I assume you meant this to not sound like an intention. That is, the guy intends to torture rather than intends to torture and feel bad about it.So I’m guessing you mean the regret is a consequence.Either way, the CCC seems crystal clear:1753 A good intention (for example, that of helping one’s neighbor) does not make behavior that is intrinsically disordered, such as lying and calumny, good or just. The end does not justify the means. Thus the condemnation of an innocent person cannot be justified as a legitimate means of saving the nation. On the other hand, an added bad intention (such as vainglory) makes an act evil that, in and of itself, can be good (such as almsgiving).39 1754 The circumstances, including the consequences, are secondary elements of a moral act. They contribute to increasing or diminishing the moral goodness or evil of human acts (for example, the amount of a theft). They can also diminish or increase the agent’s responsibility (such as acting out of a fear of death). Circumstances of themselves cannot change the moral quality of acts themselves; they can make neither good nor right an action that is in itself evil.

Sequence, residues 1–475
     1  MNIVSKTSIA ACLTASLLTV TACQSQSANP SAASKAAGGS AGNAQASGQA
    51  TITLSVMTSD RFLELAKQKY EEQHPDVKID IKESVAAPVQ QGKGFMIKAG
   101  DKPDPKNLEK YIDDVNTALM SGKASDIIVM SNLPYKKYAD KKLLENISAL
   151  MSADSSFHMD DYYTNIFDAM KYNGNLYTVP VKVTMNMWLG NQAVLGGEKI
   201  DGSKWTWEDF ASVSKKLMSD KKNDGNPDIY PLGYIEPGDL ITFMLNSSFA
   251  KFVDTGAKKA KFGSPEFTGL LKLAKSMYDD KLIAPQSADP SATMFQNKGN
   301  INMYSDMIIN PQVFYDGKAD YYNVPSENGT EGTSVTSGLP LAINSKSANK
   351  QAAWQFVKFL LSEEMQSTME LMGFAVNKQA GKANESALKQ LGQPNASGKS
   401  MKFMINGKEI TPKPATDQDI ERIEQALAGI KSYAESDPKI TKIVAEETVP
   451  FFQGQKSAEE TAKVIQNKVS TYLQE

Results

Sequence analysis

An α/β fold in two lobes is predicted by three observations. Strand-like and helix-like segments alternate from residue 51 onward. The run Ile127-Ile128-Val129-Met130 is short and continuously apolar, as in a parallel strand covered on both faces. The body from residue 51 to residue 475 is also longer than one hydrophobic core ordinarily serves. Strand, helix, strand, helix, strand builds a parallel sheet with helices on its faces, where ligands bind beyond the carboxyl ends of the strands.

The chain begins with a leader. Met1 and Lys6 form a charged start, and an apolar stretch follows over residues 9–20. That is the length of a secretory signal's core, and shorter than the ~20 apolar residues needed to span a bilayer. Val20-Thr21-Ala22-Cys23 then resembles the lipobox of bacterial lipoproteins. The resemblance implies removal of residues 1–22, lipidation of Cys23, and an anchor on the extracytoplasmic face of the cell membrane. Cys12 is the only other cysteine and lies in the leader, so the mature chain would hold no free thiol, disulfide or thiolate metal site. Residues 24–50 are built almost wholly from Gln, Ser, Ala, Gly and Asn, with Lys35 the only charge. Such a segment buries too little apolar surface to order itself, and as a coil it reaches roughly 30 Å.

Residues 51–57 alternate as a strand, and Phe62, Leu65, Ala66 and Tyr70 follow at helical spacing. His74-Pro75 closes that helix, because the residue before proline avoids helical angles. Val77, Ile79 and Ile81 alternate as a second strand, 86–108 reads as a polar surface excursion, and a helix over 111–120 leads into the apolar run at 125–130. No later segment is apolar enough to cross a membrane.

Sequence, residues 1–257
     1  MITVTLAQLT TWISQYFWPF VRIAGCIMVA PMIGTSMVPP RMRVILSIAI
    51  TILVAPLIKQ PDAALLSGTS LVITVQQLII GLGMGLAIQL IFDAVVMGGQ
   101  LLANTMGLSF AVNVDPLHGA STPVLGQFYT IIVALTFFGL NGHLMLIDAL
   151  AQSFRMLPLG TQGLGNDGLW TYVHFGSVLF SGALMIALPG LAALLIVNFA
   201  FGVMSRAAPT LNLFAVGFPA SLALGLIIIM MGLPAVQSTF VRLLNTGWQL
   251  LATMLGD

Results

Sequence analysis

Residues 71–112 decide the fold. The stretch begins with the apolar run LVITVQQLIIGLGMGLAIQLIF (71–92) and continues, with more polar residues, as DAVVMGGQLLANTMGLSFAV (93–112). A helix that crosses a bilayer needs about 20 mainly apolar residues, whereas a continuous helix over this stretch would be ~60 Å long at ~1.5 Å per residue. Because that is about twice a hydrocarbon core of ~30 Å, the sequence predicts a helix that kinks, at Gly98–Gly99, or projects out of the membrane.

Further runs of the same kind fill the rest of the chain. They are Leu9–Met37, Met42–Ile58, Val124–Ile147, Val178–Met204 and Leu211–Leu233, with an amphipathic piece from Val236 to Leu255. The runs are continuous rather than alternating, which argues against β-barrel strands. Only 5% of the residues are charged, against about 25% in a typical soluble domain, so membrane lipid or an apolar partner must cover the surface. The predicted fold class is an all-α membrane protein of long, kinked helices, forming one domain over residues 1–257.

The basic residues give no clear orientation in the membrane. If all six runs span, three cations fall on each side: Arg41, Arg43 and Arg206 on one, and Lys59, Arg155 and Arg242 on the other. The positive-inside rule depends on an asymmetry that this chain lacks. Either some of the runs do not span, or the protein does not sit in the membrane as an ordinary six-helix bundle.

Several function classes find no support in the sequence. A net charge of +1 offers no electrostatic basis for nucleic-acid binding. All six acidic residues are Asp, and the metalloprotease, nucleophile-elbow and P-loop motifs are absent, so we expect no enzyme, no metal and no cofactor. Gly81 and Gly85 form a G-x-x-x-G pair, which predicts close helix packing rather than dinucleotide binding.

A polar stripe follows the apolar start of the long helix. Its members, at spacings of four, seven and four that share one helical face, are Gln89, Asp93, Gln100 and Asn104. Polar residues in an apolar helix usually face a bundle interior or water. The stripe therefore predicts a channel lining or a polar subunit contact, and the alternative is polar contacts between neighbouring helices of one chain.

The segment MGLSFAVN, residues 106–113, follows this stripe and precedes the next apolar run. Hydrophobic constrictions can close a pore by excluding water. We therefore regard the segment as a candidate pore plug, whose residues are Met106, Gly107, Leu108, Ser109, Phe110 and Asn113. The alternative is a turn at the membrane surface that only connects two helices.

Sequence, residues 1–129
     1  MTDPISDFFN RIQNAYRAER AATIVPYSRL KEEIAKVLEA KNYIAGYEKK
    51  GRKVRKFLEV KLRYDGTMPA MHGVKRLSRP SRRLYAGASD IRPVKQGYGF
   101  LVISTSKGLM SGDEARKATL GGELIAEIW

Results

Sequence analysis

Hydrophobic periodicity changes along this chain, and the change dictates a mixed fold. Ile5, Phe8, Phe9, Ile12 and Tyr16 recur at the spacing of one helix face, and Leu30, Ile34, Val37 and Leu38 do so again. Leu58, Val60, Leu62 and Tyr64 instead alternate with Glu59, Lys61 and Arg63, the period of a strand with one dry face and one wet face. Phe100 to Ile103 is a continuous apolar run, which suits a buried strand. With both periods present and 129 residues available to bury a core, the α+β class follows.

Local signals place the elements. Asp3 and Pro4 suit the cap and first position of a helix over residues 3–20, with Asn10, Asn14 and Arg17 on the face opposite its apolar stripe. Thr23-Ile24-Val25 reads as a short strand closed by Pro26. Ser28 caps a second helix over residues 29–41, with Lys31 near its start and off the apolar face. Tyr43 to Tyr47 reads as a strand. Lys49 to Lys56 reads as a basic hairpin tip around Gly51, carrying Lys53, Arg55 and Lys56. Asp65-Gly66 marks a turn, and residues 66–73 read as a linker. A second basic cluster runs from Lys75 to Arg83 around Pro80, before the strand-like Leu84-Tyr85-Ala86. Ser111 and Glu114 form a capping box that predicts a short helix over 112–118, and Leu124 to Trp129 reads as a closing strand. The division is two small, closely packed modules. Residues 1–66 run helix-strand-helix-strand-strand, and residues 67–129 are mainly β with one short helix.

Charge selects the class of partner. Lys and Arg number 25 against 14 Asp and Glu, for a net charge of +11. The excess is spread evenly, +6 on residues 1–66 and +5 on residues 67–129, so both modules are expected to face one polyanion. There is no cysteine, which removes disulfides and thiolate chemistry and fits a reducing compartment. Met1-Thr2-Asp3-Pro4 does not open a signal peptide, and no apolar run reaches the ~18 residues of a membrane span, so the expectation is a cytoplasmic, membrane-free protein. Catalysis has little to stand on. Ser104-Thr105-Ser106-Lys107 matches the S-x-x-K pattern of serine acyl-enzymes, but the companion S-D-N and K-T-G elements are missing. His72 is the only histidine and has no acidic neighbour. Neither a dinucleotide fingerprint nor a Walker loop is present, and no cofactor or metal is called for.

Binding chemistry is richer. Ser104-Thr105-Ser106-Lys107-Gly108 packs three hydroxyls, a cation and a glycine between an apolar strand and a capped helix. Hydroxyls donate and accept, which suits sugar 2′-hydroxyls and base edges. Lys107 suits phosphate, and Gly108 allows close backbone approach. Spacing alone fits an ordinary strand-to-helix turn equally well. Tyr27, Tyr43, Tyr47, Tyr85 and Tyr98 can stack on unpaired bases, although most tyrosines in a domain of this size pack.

• zippy says:

    I’m just illustrating that what a lot of people seem to think is a change of “intention” – these interior changes in disposition which people seem to think constitute “repentance” followed by doing exactly the same thing one did before (and which was not merely immoral but <>intrinsically<> immoral when one did it) – do not in fact constitute a change of intention.I agree that it is quite clear, but a lot of people seem to think that it isn’t.